Handling Network Security in Today’s Highly Decentralized Organizations – Part 1: The Challenges
The Perimeter is Dead
We know that our businesses are becoming more digital and connected every minute, of every hour, of every day. This is a global trend and the foundation for increased delivery speeds, efficiency and productivity in all organizations. Organizations these days are no longer limited to their physical office premises as they once were. In many cases, team members are allowed the flexibility of working remotely, telecommuting and working in different branches across different countries, sometimes working in shared co-work offices with other remote employees and business owners. That said, IT Security Officers have their work cut out for them, whether they are handling a large multi-national organization or a small-to-medium business. We all know and feel the incredible threats looming on our networks and the constant care that must be taken to assure the security and integrity of our organization’s assets, whether they are physical or intellectual. In this, first post of a series of three, we’ll review a few challenges with network security and then consider some solutions in parts 2 and 3 of this blog.
We Adore Our Mobility
There is a lot of satisfaction that comes with the increased productivity, flexibility and mobility offered by digital transformation. Is there anyone out there who would like to trade their smartphone back to a flip phone? Their laptop for a desktop? The answer is clear: obviously – no. We all adore our mobility and digital advancements. So much so, that IDC predicts that within the next two years there will be close to 200 billion Internet connected devices.
If you are reading this article, there is an excellent chance that you use 5-6 connected devices, including your smartphone, a wearable of some sort, a laptop or two and a tablet or two. Perhaps you have a few IP cameras monitoring your home and office while you are away. And that’s just you. Now think of all the people bringing their own devices to the enterprise these days.
Next, let’s think of the IoT (Internet of Things) devices that are increasing their presence everywhere, according to IDC, there will be 80 billion connected IoT devices by 2025, enhancing a security concern stemming from the fact that IoT devices are almost invisible on many enterprise networks. Additionally, employees are accessing any kind of application under the sun (or florescent light), on their own devices and via the Internet on their company managed computer. These applications and websites are used for both personal and work-related purposes, placing the organizations’ assets at risk.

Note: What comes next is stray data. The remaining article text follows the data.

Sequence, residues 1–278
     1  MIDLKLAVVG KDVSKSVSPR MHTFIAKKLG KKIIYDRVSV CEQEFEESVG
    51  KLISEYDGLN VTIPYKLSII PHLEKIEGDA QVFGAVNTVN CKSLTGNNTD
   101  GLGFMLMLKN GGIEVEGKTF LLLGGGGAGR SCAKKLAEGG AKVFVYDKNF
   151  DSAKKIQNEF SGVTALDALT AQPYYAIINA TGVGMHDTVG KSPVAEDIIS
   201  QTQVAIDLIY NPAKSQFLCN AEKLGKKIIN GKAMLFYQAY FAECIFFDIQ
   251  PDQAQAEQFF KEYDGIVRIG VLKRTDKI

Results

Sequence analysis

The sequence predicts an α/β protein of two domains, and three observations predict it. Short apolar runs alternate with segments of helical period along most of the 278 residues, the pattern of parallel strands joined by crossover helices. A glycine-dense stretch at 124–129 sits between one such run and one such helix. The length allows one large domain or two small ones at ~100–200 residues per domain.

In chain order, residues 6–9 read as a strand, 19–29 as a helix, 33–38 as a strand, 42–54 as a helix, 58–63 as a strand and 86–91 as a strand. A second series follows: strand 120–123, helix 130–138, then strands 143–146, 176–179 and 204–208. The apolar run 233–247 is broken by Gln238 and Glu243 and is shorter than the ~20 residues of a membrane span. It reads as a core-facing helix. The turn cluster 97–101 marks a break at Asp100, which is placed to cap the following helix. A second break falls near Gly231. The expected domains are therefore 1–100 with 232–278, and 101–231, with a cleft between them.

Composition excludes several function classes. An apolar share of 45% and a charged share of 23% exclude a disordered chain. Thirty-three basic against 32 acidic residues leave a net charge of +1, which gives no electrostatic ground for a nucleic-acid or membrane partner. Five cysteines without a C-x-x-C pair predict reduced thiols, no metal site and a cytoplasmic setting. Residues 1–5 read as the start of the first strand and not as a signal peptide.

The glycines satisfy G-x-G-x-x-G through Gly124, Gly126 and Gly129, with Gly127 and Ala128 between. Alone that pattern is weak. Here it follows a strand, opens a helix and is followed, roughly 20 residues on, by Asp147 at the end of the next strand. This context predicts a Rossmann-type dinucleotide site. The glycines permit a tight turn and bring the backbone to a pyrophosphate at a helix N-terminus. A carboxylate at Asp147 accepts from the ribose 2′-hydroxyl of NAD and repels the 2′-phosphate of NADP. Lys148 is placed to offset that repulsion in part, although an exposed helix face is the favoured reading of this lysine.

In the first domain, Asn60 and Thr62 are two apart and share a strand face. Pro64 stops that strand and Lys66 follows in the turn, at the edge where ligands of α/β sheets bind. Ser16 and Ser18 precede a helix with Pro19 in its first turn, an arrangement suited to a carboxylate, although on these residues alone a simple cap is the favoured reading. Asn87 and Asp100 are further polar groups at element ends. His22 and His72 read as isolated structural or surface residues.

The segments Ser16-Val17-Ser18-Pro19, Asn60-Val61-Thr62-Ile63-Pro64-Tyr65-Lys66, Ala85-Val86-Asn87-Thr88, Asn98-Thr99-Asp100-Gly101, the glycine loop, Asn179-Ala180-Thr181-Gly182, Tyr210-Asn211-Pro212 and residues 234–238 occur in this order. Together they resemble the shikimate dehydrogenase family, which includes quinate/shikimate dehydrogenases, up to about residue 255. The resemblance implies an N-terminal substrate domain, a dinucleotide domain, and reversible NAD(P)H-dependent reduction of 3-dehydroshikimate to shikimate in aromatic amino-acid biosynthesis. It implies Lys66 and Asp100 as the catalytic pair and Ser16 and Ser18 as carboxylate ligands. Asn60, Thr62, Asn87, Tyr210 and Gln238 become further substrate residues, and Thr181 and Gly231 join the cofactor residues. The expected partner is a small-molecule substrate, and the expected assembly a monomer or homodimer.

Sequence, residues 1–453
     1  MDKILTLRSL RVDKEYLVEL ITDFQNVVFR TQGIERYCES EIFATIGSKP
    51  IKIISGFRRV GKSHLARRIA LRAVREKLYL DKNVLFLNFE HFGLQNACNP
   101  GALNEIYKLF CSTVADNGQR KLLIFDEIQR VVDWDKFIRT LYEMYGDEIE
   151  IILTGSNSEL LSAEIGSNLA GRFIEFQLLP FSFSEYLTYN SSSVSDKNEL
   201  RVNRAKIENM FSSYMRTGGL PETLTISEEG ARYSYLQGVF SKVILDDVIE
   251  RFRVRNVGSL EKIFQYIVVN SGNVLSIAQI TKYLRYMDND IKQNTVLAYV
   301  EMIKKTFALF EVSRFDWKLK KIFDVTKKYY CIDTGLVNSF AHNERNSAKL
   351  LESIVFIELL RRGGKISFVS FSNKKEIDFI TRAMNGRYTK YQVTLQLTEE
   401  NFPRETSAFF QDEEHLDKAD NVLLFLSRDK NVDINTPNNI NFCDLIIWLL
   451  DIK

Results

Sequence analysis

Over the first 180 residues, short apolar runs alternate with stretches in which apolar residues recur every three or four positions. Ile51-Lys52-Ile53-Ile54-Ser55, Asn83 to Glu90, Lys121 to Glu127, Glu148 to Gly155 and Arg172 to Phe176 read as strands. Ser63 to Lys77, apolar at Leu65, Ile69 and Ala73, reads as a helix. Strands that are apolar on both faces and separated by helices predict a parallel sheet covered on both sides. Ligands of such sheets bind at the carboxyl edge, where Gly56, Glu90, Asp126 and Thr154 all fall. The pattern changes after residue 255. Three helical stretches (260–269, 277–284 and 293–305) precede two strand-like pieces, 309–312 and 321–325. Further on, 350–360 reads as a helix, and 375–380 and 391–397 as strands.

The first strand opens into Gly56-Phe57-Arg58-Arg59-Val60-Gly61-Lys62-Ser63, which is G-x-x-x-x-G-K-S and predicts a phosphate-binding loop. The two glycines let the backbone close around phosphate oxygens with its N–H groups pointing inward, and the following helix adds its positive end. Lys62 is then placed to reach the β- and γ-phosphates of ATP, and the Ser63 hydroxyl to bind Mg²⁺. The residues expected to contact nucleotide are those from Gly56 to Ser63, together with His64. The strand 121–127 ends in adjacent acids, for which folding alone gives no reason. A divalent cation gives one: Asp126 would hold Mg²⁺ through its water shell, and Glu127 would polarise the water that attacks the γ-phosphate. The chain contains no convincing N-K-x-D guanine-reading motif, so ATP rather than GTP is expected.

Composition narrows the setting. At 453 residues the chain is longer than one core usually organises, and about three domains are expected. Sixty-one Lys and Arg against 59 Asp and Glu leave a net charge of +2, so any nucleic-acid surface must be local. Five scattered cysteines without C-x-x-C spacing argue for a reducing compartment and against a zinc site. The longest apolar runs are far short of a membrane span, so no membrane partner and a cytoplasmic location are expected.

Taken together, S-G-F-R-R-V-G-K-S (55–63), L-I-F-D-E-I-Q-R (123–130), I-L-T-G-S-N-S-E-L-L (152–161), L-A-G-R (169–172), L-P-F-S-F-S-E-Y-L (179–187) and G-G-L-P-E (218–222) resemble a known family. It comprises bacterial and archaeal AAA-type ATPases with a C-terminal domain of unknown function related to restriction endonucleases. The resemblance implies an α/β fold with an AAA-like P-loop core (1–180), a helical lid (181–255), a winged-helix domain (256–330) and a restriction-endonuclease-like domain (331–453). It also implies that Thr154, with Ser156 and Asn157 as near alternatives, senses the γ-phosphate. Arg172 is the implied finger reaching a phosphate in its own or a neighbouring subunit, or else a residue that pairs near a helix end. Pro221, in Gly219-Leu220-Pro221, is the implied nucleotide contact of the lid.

In today’s decentralized enterprises there are multiple access layers at play, including the use of wired, wireless and VPN connections. This is one of the core security issues with complex networks in decentralized organizations with locations in different states and countries. Multinational organizations suffer from increased risk due to their IT security loopholes and the abundance of access ports and end-users. It is no wonder then that many IT departments have settled for half-promises of asset security and network controls. They must work within the constant cyber threats that seem to be spreading faster and everywhere these days. Unfortunately, one of these half-promises leads to uncompleted NAC implementations (Network Access Control) and to lengthy and unsuccessful projects.
Security Vendor Fragmentation
Vendor fragmentation is an incredible headache that must be handled. It seems like there is a solution for every inch on the network, as long as you are willing to work with five different vendors. Implementation is labor intensive and expensive. Moreover, IT leadership struggles when selecting vendor software because the solutions are diverse with no single vendor able to meet all requirements and use cases, especially with decentralized organizations.
Safely On-boarding All Devices
On-boarding devices onto the network in a distributed organization is not hassle-free, often slowing productivity down. Additionally, compliance must be enforced across the organizational network, no matter which location around the world or which device is being used. At the same time, if one of your team members lost their computer, there should be a clear path to prevent that device from on-boarding the network.
Many CIOs and CISOs have the constant burden of dealing with and maintaining the organization’s cybersecurity posture while potentially being targeted for cyber-attacks. With cyber-attacks being on the rise and in the news every week, it is no longer a question of if, but rather a question of when one’s organization will be under attack. And so the question arises – are we as prepared as we could and should be?
The network complexities outlined here may be preventing many from establishing optimal solutions and procedures for their organization, especially those that allow full visibility and risk management, not even imagining how serious the threats are till it is too late. Is it really going to take a complete data breach before we do anything about it? Can’t we just learn from other organizations’ mistakes and misfortunes? (Note the 2017 WannaCry attacks for example). Still, once IT departments have been burnt by unsuccessful NAC projects, they might be slow and cautious before initiating the implementation of a new and ideally – better – technology.
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